for all seeking truth, remember this: if you can’t beat em, join ’em… and i don’t mean, become like them, i mean, use their tactics on them, infiltrate, dismantle from the inside… that’s basically what they try, and to some extent succeed in, to do with the so called conspiratorial groups…

    problem is, these groups are already so divided geologically that it’s hard to mount any type of defense… or the conspiratorial groups should raise a genuine revolutionary “governing force” and a following strong enough to actually perform a coup on the headpieces needed… (and i’m not talking about the presidents and kings, i’m referring to the people who inform them on what they can and can’t say/do)

  9. Petr Buben says:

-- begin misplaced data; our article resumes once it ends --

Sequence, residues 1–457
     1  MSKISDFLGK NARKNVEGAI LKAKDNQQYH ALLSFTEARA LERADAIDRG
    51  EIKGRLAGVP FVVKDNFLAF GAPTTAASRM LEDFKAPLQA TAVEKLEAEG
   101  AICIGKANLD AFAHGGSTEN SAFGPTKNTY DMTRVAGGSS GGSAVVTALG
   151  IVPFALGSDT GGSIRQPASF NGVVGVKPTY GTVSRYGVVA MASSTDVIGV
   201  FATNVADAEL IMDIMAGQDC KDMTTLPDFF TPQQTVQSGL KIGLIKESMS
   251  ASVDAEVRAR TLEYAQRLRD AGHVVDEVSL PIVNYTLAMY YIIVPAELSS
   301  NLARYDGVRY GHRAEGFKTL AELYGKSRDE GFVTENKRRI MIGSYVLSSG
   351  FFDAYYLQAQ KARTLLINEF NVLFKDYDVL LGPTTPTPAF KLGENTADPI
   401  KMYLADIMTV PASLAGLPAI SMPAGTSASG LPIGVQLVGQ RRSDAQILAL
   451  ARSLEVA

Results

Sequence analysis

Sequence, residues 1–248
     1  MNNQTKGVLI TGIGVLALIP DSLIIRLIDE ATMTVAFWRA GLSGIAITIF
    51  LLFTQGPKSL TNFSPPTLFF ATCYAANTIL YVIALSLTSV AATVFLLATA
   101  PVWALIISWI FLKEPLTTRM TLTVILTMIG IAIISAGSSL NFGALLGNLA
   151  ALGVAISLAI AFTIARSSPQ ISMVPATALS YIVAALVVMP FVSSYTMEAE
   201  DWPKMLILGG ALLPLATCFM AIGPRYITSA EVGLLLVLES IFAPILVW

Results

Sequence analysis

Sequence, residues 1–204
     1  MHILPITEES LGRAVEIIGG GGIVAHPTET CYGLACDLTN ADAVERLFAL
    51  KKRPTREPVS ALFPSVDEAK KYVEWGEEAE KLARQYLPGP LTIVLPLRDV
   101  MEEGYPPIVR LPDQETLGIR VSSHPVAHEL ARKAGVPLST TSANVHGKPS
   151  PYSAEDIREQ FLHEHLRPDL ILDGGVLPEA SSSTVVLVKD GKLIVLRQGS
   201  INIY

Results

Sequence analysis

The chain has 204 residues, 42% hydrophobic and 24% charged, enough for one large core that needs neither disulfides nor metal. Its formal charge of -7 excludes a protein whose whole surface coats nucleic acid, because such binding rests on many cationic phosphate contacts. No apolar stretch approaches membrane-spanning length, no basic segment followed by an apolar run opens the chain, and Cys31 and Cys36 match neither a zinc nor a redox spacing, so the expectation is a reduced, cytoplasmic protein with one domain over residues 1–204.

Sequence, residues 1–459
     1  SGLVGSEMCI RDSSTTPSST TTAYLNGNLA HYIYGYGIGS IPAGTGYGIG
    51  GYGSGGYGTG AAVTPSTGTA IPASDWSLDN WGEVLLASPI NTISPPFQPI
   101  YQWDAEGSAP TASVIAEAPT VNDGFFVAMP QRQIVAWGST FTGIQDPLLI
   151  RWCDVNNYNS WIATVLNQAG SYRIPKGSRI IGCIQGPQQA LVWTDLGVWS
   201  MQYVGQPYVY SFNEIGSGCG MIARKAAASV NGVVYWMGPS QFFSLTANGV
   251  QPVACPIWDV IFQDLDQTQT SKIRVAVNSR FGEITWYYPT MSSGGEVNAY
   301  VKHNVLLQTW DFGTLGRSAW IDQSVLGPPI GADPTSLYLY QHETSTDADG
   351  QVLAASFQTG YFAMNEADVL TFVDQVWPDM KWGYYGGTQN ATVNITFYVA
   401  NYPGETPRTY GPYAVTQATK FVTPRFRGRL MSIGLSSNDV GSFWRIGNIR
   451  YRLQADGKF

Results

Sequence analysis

911 is a controlled demolition, let it happen and make it happen, pretext for wars self inflicted wound inside operation. ….. This per irrefutable scientific evidence, and per common sense too.

    I mean – have you seen the footage of WTC controlled demolition on 9/11? Towers pulverized with the speed close to free fall, 10 floors per second.
    Nanothermite high military explosive was found on the site, just as pools of molten steel, burning for weeks.
    Steel buildings, 3 at 1 day, cannot collapse pulverized unto itself as a consequence of office fires or airplane impacts.

    We need new investigation.

    http://ae911truth.orghttp://911blogger.comhttp://911truth.org
    http://twitter.com/911newshttp://911UnitedWeInvestigate.blogspot.com
    http://WorldNewsRecord.wordpress.com

  10. OzarkMichael says:

    I found this via a link from a conservative blog.

    I have an observation. Cass Sunstein is rather more liberal than most Americans. Most liberal people think of the term ‘extremists’ and the connotation usual is: “Right wing extremists”.

    Yet as I read the comments here everyone seems to think that his envisaged governmental internet “infiltration” campaign would be aimed at the Political Left.

    Any comments?